Requester or Implementer who should raise Change Record?

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vikaspanse
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Mon Feb 25, 2019 4:21 am

Hi,
In typical operations where both Application and Infrastrucutre teams supporting the environment.
If an application is not performing as per expected level and needs a memory upgrade on a Server.
Who should raise a Change Request in system?
Is it application team who will have outage on system and need to do pre-post check after during change and coordinate with business for outage approval
Or
Is it Infrastructure team who will bring down server, upgrade memory and then bring server back

In this requester is application team but change is fully implemented by Infrastructure team in coordination with application team.

who should raise Change request in system and present it to CAB?
is it Requester or Implementer?


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Corde Wagner
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Mon Feb 25, 2019 8:40 pm

This is an age old situation and question that I've asked and been asked. As with many things in change management (now in ITIL v4, the Change Control practice), the answer is: "it depends". As with many things in the Change Control practice, the answer is: "it depends"

Scenario #1
1. Degraded performance is identified, incident is created (monitoring or by human)
2. Infrastructure team gets the incident and identifies that more memory is required to resolve the issue
3. Does it meet the definition of an "Emergency"? for sake of discussion, "no", then it can wait until next maintenance window
4. Is the server "clustered"? For sake of discussion, "yes", the work can be performed during the next maintenance window and service won't be interrupted as they bring down individual nodes to add memory
5. Infrastructure created the CR and ensures it's approved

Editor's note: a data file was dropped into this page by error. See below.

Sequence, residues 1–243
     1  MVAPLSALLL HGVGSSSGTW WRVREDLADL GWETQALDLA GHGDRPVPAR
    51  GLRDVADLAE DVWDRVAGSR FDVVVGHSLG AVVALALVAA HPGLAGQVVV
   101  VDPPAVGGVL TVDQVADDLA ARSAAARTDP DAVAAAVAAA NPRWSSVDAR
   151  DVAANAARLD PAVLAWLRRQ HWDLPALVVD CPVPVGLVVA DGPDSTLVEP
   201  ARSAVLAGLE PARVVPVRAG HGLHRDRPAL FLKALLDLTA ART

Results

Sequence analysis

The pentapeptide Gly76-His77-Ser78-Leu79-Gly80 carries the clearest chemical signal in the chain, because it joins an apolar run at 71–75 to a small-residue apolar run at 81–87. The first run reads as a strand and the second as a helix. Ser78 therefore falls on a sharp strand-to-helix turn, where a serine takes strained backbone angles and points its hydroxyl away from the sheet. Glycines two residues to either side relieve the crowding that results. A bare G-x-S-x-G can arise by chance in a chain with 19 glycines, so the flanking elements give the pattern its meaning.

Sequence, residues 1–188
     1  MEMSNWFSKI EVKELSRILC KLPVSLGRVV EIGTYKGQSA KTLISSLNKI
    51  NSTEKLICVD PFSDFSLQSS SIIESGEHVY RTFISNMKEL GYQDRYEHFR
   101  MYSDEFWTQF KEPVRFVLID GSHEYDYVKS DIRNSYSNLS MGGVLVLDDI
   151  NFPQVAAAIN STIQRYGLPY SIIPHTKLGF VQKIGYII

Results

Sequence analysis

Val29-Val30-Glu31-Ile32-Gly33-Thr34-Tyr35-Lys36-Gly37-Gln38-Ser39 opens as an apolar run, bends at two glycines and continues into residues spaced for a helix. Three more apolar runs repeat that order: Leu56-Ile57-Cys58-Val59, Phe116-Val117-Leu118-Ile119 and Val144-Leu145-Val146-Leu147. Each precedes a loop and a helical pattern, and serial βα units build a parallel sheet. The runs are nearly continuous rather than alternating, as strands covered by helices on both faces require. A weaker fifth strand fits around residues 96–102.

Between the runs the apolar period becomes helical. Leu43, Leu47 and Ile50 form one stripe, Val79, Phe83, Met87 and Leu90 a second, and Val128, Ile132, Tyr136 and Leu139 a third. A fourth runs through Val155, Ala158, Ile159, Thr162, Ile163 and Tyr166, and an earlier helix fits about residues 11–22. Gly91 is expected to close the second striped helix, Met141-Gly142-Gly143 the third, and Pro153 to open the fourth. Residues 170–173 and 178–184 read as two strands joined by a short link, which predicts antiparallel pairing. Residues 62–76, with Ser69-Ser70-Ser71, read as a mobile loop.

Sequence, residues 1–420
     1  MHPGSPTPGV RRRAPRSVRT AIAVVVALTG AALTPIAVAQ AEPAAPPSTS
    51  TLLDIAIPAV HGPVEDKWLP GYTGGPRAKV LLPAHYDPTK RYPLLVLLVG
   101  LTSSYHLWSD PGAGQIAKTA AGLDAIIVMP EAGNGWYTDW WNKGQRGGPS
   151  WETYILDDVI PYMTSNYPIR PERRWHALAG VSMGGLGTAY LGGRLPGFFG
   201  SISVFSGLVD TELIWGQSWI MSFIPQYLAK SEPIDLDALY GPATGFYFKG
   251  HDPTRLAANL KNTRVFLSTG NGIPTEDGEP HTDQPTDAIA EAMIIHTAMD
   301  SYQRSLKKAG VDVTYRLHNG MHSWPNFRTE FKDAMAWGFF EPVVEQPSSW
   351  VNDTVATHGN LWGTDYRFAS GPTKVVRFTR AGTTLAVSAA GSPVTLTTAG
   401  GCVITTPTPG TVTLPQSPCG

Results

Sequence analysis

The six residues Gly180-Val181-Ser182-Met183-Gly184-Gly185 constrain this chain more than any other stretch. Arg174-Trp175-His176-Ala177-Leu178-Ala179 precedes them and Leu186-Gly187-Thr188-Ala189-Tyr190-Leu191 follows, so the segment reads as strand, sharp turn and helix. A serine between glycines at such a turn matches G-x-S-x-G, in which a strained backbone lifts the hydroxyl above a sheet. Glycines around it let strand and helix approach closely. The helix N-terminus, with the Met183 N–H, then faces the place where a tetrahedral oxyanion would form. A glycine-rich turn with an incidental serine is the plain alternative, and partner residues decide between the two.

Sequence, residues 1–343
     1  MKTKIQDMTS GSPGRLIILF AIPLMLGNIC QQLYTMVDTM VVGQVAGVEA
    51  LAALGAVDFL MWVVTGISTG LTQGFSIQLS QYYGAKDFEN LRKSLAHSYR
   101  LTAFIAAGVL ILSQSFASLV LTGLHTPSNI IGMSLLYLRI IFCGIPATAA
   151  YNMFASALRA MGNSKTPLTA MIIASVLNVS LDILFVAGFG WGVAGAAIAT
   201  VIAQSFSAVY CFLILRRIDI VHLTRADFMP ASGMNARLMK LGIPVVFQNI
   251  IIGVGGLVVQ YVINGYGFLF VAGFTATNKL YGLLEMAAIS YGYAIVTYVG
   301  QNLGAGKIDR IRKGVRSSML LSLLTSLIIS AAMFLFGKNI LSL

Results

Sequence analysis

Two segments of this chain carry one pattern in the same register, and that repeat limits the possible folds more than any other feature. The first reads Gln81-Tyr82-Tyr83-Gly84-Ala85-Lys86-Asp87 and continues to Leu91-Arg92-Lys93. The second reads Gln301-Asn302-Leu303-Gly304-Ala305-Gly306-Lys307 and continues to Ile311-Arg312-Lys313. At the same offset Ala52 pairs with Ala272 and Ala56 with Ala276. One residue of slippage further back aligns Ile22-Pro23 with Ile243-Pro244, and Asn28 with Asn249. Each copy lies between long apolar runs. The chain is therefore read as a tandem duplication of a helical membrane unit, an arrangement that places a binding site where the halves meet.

6. Infrastructure works with Change Management to schedule work during maintenance window
7. This can now be considered a "low risk change", so the CAB should not have to review

Scenario #2

1. Degraded performance is identified, incident is created (monitoring or by human)
2. Infrastructure team gets the incident and identifies that more memory is required to resolve the issue
3. Does this meet the criteria of an Emergency? For sake of discussion, lets say "Yes". As an emergency, the change cannot wait
4. Depending on Emergency Change procedure, in this example, we'll say the infrastructure team must first get a verbal approval from the appropriate Change Authority (it can be the Change Manager, or perhaps an "Emergency CAB (ECAB)).
5. Is the server "clustered"? For sake of discussion, "no", therefore it cannot be performed by updating one server at a time and therefore service will be interrupted as they bring down the server to make the upgrade. Special consideration needs to be given to notify impacted users or customers, etc. Follow the Emergency Change procedure
6. Change Authority approves the Emergency Change and the Infrastructure team performs the work
7. The Implementer from the infrastructure team creates the Emergency Change Request (ECR) after the fact, and submits in for review/approval
8. Depending on local Change Management policy, the Change Manager can bring the ECR up for CAB review as part of the standard CAB agenda.
9. If approved and then agreed to by CAB, the CR is resolved.

In the above there are many variables that would or could be taken into consideration, but the two scenarios do provide a fair set of the variables (clustered or not clustered, emergency or not, etc.), which may help you answer further questions. If this doesn't quite get what you were looking for, let us know.

Cheers,

Corde
Corde Wagner
ITIL Expert & CASM
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